(Bloomberg) -- Budget gym company Planet Fitness is boosting its debt load to buy more gyms, in a bet that consumers will keep returning to health clubs as the pandemic shows signs of easing.
The company plans next week to sell $975 million of bonds backed by almost all its U.S. assets that generate revenue, including franchise payments and corporate-owned locations. By effectively mortgaging its business, it can sell investment-grade notes instead of a junk debt.
These bonds are known as whole-business securitizations, and investors are clamoring for them as they look for securities with relatively high yields during a time of high inflation. Companies ranging from fast food restaurants to housecleaners have sold these kinds of notes recently, which helped bring total sales of asset-backed securities last year to a post-crisis record.
Read more: From Fried Food to Gym Fees, It’s All Securitized in Yield Grab
It’s not clear how much Planet Fitness’s securities will yield, but similarly rated five-year securities from Self Esteem Brands, owner of the Anytime Fitness chain of 24-hour gyms, were sold at yields around 5% in November. Yields on corporate bonds maturing in three to five years averaged about 1.66% at the time, according to Bloomberg index data.
For Planet Fitness, as much as $325 million of the money it raises will help pay for more than 100 gyms that it’s buying for $800 million by taking over its oldest franchisee, Sunshine Fitness Growth Holdings. The rest of the bonds it sells will refinance debt. The company has sold whole-business securitizations at least three times since 2018, and the one scheduled for next week is its biggest ever.
Sunshine is one of the “best-performing franchisees in our system,” said Chris Rondeau, CEO of Planet Fitness, in a presentation last week. Once the deal closes, Planet Fitness will own 10% of the gyms under its brand, with the rest continuing to be operated as franchises.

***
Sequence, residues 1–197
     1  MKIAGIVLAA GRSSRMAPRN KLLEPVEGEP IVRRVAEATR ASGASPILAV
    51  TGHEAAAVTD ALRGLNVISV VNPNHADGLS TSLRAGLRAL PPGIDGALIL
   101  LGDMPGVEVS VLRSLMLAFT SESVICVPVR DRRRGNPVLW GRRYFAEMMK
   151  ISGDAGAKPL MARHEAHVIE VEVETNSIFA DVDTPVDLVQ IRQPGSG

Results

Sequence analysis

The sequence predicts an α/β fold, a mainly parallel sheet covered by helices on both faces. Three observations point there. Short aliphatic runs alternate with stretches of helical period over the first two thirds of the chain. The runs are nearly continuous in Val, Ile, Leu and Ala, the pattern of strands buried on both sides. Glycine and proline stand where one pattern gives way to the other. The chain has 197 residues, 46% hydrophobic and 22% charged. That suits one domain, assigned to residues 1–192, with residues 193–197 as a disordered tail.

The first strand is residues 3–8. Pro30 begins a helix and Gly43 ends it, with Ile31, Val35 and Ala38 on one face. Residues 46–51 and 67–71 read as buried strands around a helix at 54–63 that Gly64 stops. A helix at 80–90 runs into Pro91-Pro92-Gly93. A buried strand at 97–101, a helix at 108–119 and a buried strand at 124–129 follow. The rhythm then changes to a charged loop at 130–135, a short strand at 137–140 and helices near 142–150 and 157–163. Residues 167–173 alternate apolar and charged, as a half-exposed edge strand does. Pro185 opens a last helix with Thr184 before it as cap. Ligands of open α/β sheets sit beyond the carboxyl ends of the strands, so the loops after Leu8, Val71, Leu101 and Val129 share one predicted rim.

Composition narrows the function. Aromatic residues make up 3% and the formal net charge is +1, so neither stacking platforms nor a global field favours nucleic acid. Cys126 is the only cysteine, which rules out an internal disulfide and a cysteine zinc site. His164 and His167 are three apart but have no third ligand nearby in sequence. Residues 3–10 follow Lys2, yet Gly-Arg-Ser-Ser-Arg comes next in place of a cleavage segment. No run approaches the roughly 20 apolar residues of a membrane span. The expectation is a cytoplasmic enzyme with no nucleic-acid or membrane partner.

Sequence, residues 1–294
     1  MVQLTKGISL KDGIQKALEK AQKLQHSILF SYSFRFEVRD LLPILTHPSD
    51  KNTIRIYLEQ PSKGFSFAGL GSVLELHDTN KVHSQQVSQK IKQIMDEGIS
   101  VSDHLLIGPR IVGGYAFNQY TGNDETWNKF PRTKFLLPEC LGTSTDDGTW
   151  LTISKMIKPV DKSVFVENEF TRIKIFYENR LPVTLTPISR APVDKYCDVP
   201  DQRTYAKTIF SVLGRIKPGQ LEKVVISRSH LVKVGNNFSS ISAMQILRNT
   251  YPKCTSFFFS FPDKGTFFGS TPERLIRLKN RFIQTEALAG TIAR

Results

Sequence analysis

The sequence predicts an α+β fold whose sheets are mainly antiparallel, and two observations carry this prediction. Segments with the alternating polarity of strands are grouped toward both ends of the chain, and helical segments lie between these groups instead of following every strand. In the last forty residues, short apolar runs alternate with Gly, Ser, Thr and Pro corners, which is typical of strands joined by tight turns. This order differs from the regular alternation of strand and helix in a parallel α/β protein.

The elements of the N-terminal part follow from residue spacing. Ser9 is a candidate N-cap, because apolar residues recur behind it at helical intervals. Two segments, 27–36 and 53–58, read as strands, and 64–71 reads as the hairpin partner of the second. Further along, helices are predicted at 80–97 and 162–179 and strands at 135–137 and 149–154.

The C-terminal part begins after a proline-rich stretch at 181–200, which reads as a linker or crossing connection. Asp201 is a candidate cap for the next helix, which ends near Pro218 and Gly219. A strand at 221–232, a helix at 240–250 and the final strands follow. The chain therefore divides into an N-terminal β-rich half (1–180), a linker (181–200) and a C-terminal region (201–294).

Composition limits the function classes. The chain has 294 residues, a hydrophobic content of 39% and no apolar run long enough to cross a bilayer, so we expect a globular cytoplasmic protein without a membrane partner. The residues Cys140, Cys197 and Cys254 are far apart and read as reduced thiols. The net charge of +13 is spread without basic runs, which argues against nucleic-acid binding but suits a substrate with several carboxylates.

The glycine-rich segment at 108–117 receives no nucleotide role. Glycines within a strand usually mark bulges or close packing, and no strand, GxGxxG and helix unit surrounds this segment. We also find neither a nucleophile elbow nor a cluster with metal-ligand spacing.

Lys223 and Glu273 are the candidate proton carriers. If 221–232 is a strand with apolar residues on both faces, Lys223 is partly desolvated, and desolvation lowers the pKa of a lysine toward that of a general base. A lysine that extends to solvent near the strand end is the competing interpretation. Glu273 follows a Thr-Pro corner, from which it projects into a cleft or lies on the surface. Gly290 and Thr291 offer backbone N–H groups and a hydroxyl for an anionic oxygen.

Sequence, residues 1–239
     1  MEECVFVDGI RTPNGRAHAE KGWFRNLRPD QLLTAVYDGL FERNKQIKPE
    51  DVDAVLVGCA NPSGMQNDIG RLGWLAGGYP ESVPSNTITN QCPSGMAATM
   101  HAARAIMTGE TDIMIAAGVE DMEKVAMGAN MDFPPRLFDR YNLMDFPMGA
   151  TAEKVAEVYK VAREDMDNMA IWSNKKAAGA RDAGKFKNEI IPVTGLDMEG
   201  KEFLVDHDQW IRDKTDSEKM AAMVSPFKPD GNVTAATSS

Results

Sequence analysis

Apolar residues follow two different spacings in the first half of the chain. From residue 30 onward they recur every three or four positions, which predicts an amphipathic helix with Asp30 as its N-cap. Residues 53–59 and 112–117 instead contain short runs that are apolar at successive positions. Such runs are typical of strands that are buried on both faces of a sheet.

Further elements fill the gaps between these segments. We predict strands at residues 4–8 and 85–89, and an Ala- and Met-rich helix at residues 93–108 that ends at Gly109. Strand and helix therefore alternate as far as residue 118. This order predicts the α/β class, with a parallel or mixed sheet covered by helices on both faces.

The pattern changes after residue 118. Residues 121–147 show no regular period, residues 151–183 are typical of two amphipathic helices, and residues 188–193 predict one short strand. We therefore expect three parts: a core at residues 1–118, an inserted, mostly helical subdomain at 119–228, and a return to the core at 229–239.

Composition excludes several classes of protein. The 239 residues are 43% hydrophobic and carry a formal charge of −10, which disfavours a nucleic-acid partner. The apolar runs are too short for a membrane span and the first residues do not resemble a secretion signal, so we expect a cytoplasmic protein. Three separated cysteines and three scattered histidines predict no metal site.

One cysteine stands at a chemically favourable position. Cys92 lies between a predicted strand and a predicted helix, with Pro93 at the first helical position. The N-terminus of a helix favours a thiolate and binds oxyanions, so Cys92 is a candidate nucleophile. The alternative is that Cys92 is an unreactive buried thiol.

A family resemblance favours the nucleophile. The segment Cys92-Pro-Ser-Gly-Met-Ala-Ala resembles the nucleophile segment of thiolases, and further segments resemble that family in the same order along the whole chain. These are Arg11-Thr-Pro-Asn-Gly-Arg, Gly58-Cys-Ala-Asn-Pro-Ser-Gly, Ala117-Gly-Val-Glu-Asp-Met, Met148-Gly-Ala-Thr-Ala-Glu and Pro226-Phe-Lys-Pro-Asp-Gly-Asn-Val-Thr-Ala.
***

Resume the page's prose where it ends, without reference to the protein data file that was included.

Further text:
Guggenheim Securities is arranging the deal. Kroll Bond Rating Agency has given the issuance a preliminary BBB credit rating, the second-lowest investment-grade rating, while S&P assigned it a BBB- rating, one step lower. The notes will be sold in three parts, the biggest of which have average lives of 4.7 years and 9.4 years.
Back to the Gym?
Like most gym providers, Planet Fitness suffered during the early stages of the pandemic as people worked out at home. The company saw system-wide sales fall by $835 million in 2020 from the year before. Many other fitness companies had it worse, with Gold’s Gym International Inc.; Town Sports International LLC, owner of New York Sports Clubs; 24 Hour Fitness Worldwide Inc. and In-Shape Health Clubs all filing for bankruptcy in 2020.
Now Planet Fitness’s revenue is regaining lost ground. For the 12 months ended Sept. 30, 2021, sales were about $3.25 billion. That compares with $3.13 billion for the 12 months ended Sept. 30, 2019, according to a Jan. 19 report from Kroll led by analyst Xilun Chen.
New Covid-19 variants, such as the most recent omicron, could weigh on results. For gyms broadly in the U.S., visits dropped by 11.9% in the week of Dec. 27 from the same week in 2019, according to data from Placer.ai, an analytics firm that tracks retail foot traffic. The drop was more significant the following two weeks, with attendance down by roughly 20% during the first week of January and 15.5% during the second, compared with 2019.
Still, Kroll’s report points out that Planet Fitness is well positioned in the market thanks to its low fees. The fitness firm charges just $10 a month, Chen said in a phone interview.
“They are targeting a customer base that does not go to the gym very often, so the universe may be much larger,” Chen said.
The fitness chain said it added 1.7 million net new members in 2021. The flip side of Planet Fitness’s growing membership may be fewer people buying home gym equipment.
Peloton Interactive Inc.’s shares dropped 24% Thursday after a report that it’s temporarily suspending production of its bikes and treadmills, and the company released preliminary results for the quarter ended Dec. 31 that were weaker than analysts had expected on average.
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